The experience with tamoxifen prophylaxis (20 mg daily for 5 years) has led to its recommendation for women with carcinoma in situ or atypical hyperplasia in a breast biopsy. In all other situations, the final answers are not conclusive. However, women at very high risk of breast cancer who choose tamoxifen treatment deserve support and the appropriate surveillance.

Aromatase inhibitors

Aromatase P-450 is a member of the P-450 superfamily and a product of the CYP-19 gene. It converts C19 androgens to C18 oestrogens and is expressed in the ovary, testes, placenta, adipose mesenchymal cells, osteoblasts and chondrocytes of bone, vascular smooth muscle and endothelium, as well as numerous sites in the brain. The tissue-specific expression of aromatase is regulated by the use of tissue-specific promoters via alternative splicing. The aromatase inhibitors include anastrozole (Arimidex), letrozole (Femara) and exemestane (Aromasin). Randomised clinical trials indicate that treatment with an aromatase inhibitor yields a better clinical response compared to tamoxifen; there is slightly less hot flushing and no risk of abnormal endometrial change as indicators of smaller side effects [81, 82]. However, there are also major problems. There is an increase in fractures due to profoundly low oestrogen levels (almost a 99% decrease) and bone loss; this risk might be prevented by bisphosphonate treatment. In addition to hot flushing, other major side effects are arthritic complaints, reduced sexual function and myalgia [83]. When tamoxifen therapy was followed by letrozole, an increase in disease-free survival could be observed [84]. Another report pointed to better outcomes of exemestane after the standard therapy of 5 years of tamoxifen [85].

Neoadjuvant trials permit temporal sampling of breast tissue. Substudies in the phase-III trial with letrozole [82] have examined the impact of such biomarkers as ER, progesterone receptor and epidermal growth factor receptor family members, HER-1 and HER-2, on patient response. The potent and selective third-generation aromatase inhibitors, anastrozole, letrozole and exemestane are approved for clinical use in postmenopausal patients with advanced hormone-dependent breast cancer or in patients failing anti-oestrogen therapies. Definitive recommendations for both prophylactic and adjuvant treatment with aromatase inhibitors await to be defined for routine use outside clinical trials.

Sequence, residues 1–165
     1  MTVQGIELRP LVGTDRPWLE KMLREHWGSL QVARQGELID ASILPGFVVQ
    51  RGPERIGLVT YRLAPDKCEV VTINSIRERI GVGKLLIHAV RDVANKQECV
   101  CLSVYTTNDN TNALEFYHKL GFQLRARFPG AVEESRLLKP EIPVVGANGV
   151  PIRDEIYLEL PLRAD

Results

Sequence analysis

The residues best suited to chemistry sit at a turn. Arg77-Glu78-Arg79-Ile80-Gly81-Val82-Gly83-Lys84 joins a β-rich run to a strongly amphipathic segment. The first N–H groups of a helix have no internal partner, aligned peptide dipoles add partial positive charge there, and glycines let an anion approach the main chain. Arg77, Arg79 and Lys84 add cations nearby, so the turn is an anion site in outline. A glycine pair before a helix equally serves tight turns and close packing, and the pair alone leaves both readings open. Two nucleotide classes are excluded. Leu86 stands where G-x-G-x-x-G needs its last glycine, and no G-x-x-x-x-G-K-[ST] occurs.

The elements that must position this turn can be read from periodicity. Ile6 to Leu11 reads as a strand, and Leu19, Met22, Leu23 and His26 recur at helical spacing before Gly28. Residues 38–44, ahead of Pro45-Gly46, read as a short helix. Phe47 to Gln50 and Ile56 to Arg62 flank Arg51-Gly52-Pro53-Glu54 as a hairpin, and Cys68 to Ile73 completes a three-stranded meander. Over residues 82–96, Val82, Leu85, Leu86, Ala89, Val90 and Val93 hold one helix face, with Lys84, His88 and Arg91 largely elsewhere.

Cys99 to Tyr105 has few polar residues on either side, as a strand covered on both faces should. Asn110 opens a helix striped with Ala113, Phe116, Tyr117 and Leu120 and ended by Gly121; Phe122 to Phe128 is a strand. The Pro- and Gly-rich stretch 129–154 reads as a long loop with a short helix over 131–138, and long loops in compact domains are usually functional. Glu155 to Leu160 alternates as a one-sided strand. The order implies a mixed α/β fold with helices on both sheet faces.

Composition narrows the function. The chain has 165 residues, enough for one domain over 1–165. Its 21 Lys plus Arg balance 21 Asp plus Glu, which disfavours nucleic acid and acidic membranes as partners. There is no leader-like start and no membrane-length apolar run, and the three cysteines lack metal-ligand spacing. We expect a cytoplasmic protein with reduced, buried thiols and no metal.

New developments

The tissue specificity of SERMs is based on the fact that agonist/antagonist interactions occur with the ERs and that different cohorts of co-activators and co-repressors are present in different tissue sites of action. A variety of new SERMS is currently being investigated; however, no relevant clinical results are at hand as yet.

The tissue specificity of selective aromatase modulators is based on the fact that one role of oestradiol is as a paracrine and intracrine factor in postmenopausal women and men. In addition, tissue-specific regulation of the aromatase gene is based on the use of tissue-specific promoters. These promoters employ different stimulatory and inhibitory factors in the various tissue-specific sites of expression. This concept has led to the definition of selective aromatase modulators (SAMs). It will be interesting to see whether SAMs may provide an improved relationship between the above-mentioned advantages and major problems seen with standard aromatase inhibition.

Despite the emergence of aromatase inhibitors as effective first-line treatment of advanced breast cancer (ABC), tamoxifen remains a widely prescribed therapy. It remains, however, clinically important that other endocrine therapies are effective in cases where the disease has become resistant to tamoxifen. A clinical benefit (complete or partial response or stable disease lasting 24 weeks and over) is what can be achieved in the chronic condition of ABC; otherwise, advanced disease is not curable with 5-year survival rates of less than 20%.

Fulvestrant (Faslodex) is a new endocrine therapy with a novel mode of action; it binds, blocks and degrades the ER. The tumour is, thereby, deprived of oestrogen stimulation and regression may occur (Fig. 1) [86]. Unlike tamoxifen, fulvestrant has no partial agonist activity at the ER and, consequently, does not increase the risk of endometrial abnormalities. Unlike other contemporary endocrine agents, which are administered as daily oral regimens, fulvestrant is unique in that it is administered as a once-monthly intramuscular injection in the buttock. An overall clinical benefit rate of 44% was observed in patients receiving fulvestrant, compared to 41% for patients receiving anastrozole (Fig. 2) [87]. Fulvestrant is at least as effective as the third-generation aromatase inhibitors anastrozole and letrozole in the treatment of postmenopausal women with advanced tamoxifen-resistant breast cancer. Fulvestrant also appears to be effective after treatment with non-steroidal aromatase inhibitors; it is well tolerated and provides a further option in the endocrine treatment of ABC.